The lobby of the Daley Center was packed with extra security and people hoping to catch a glimpse of President Obama.
"I'm surprised that he's actually coming here, yes. I thought if anybody, he should have some political pull to get out," said Sharon Mindock, who works at the Daley Center.
Instead, the former president - who has talked in the past about the importance of public service - left his Kenwood home this morning in a motorcade. It arrived at the Daley Center just after 10 a.m. He then took a private elevator used by judges to the 17th floor where a small crowd gathered for another glimpse.
Once inside the jury assembly room he watched a "vintage" 20-minute orientation video.
Cook County Chief Judge Tim Evans said the former president was very gracious.
"He came in, he greeted the prospective jurors on both sides of our panels," Evans said.
Cell phone video shows Obama signing a copy of his book for a would-be juror and shaking hands with everyone in the room.
Hope Schawb was shocked to find she was summoned for jury duty the same day as the former president.
"I just wanted to touch him. So I put my hand out and he shook my hand. It was a nice, firm handshake, but he has the softest skin!" she said.
Walter Palmer was summoned for jury for the first time Wednesday.
"This is what happens every time, right?" Palmer joked.
Then, just before lunchtime, the panel Obama was on was dismissed. Judge Evans said the former president was ready to serve, had he been picked for a jury.
"If the former President of the United States takes his time to come, anybody ought to be willing to come," Evans said.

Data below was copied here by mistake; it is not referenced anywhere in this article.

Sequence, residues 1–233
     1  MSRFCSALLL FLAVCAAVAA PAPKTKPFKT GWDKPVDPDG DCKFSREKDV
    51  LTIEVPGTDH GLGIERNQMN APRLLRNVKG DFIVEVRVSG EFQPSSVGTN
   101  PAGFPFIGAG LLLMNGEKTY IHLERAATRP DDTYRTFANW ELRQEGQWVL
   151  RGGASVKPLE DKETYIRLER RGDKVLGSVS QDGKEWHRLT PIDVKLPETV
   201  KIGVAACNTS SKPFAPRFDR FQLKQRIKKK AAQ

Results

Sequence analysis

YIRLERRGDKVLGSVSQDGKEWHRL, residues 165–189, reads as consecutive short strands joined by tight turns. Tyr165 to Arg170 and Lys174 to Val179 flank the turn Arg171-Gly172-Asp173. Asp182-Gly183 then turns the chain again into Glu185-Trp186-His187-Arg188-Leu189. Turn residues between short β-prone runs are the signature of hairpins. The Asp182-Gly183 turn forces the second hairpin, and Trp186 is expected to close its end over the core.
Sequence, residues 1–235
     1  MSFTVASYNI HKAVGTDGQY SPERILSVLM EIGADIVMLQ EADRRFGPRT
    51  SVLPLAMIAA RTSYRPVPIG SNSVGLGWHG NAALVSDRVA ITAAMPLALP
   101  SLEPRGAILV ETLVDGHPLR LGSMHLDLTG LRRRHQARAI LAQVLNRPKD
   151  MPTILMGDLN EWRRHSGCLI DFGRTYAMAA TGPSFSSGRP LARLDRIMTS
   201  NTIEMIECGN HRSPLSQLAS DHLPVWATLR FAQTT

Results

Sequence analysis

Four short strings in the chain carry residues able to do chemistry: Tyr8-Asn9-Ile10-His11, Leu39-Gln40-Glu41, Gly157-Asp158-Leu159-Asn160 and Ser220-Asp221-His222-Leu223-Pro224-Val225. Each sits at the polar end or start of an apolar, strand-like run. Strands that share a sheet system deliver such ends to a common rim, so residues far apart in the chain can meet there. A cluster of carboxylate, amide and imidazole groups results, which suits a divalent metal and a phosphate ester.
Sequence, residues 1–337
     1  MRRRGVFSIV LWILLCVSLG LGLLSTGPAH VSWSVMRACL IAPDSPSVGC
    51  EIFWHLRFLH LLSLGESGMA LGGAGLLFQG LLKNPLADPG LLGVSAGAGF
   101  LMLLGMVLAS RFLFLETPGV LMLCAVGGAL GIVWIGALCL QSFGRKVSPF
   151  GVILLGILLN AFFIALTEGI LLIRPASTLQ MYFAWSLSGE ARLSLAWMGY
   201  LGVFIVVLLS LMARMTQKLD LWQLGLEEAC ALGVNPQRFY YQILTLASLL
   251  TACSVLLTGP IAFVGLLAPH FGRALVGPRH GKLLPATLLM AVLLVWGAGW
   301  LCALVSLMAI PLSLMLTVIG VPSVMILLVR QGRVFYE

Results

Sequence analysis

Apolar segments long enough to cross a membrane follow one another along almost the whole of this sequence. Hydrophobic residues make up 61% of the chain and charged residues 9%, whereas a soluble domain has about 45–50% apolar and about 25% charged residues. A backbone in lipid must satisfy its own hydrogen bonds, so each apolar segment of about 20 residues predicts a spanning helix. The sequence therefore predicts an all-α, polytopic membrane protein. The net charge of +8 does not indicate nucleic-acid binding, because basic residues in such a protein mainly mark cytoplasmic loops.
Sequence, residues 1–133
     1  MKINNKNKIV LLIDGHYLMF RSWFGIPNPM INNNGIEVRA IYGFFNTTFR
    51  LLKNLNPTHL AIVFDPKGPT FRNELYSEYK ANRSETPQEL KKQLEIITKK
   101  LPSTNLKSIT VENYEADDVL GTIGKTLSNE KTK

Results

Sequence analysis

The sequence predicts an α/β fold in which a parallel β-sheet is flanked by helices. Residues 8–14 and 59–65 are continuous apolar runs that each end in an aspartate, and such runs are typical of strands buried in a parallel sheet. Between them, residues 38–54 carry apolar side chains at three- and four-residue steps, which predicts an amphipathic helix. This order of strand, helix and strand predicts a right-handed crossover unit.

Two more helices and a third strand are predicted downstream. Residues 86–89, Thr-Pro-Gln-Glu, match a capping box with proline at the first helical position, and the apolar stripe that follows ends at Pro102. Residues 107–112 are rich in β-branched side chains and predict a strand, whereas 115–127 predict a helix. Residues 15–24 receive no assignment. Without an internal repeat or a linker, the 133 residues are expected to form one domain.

Just last week, at his foundation summit in Chicago, Obama extolled the values of public service. He has long been outspoken about the importance of civic engagement.
Just like every citizen, Obama was paid $17.20 for his day of service. He is donating that amount back to the county.
It's safe to say Obama was one of the highest-profile people to report for jury duty in the county's recent history, and likely the only one to come with a Secret Service details. But he is not the first president summoned; George W. Bush was summoned in Dallas in 2015 but was not selected to sit on a jury. And in 2003, former President Bill Clinton reported for jury duty in federal court in New York City. He also was not selected.
Nor is he the first famous Chicagoan to be called to jury duty. In 2004, Oprah Winfrey was on a Chicago jury that convicted a man of murder. A decade later, Lawrence Tureaud, better known as Mr. T, showed up to a suburban Chicago courthouse for jury duty, sporting his usual Mohawk, but without the gold chains for which he is known. But despite the more subdued outfit, Mr. T was not chosen to sit on a jury.
The Associated Press contributed to this report.